Thursday, March 31, 2005

Dig It #2

Press release. Launch of Dig Country Radio at The Vanguard with Lucky Oceans and The Flood. Free! I think one of the gushers quoted is me.

ABC Radio launches new country music channel


Fans of country music can now hear a wide selection of high-quality music twenty-four hours a day as ABC Radio's adult contemporary music service, DIG, announces the arrival of DIG COUNTRY.

The specialist channel has joined the dig stable and will include a phenomenal range of country music styles, ranging from traditional through to bluegrass, western swing, honky tonk, country folk and alt. country. And of course, there will be plenty of great Australian country music artists in the mix.

Music on DIG COUNTRY comes in a high-quality broadband stream from

DIG COUNTRY is being officially launched at the Vanguard Hotel in Newtown, NSW on Tuesday April 12. Grammy Award winning country artist and broadcaster LUCKY OCEANS will launch DIG COUNTRY, followed by a very special performance from THE FLOOD. Entry to the gig is free and the Sydney public are encouraged to come along, as ABC Radio National is recording the performance for Live On Stage. And you'll be able to hear the concert again later on demand at DIG COUNTRY website.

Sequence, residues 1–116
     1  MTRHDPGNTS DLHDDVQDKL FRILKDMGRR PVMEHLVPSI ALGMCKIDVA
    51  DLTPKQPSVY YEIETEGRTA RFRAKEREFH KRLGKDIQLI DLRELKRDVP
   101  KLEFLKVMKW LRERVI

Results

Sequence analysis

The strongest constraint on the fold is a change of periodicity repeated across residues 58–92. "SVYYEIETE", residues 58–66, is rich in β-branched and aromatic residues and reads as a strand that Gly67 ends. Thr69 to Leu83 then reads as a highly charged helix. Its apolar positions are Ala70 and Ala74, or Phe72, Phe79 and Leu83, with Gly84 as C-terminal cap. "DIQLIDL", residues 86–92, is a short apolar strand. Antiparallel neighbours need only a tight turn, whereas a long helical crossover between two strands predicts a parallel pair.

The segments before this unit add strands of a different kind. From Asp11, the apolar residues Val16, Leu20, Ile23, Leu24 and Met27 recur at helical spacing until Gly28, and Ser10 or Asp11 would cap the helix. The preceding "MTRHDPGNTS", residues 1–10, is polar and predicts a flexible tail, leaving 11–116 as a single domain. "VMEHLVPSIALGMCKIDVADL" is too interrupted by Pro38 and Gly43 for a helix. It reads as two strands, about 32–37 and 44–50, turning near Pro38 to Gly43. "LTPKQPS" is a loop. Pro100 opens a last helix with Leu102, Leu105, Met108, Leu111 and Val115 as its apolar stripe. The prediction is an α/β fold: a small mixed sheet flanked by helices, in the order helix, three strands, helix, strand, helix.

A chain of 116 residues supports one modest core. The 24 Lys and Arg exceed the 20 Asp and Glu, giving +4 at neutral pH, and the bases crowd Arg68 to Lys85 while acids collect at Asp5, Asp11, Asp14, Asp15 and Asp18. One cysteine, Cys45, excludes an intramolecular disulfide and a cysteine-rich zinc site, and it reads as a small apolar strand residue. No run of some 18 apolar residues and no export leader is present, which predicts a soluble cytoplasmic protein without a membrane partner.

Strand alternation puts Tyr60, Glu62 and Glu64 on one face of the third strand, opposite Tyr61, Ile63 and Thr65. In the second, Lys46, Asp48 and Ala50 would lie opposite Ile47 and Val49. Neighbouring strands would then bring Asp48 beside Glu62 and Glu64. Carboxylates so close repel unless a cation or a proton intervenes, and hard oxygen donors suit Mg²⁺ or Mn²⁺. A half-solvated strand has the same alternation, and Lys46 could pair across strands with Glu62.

DIG COUNTRY has been running quietly for the last month and already the audience reaction has been overwhelmingly positive:
- "This station is awesome!! The alt-country was what first attracted me to dig. Now I can have it all the time. Thank you so much." - Daniel
- "Great to see dig has set up a dedicated country stream. What a "just played" list! Hard to imagine it getting much better than that." - Amanda

DIG COUNTRY joins DIG JAZZ and the DIG main channel in offering a diverse mix of great sounds - ranging from blues, soul, country, roots, world music, jazz, rock & lots in-between.

The DIG and DIG JAZZ channels are also available via digital television, set-top boxes and Foxtel digital (cable and satellite). The DIG website has been consistently receiving over 200,000 accesses per week in 2005.

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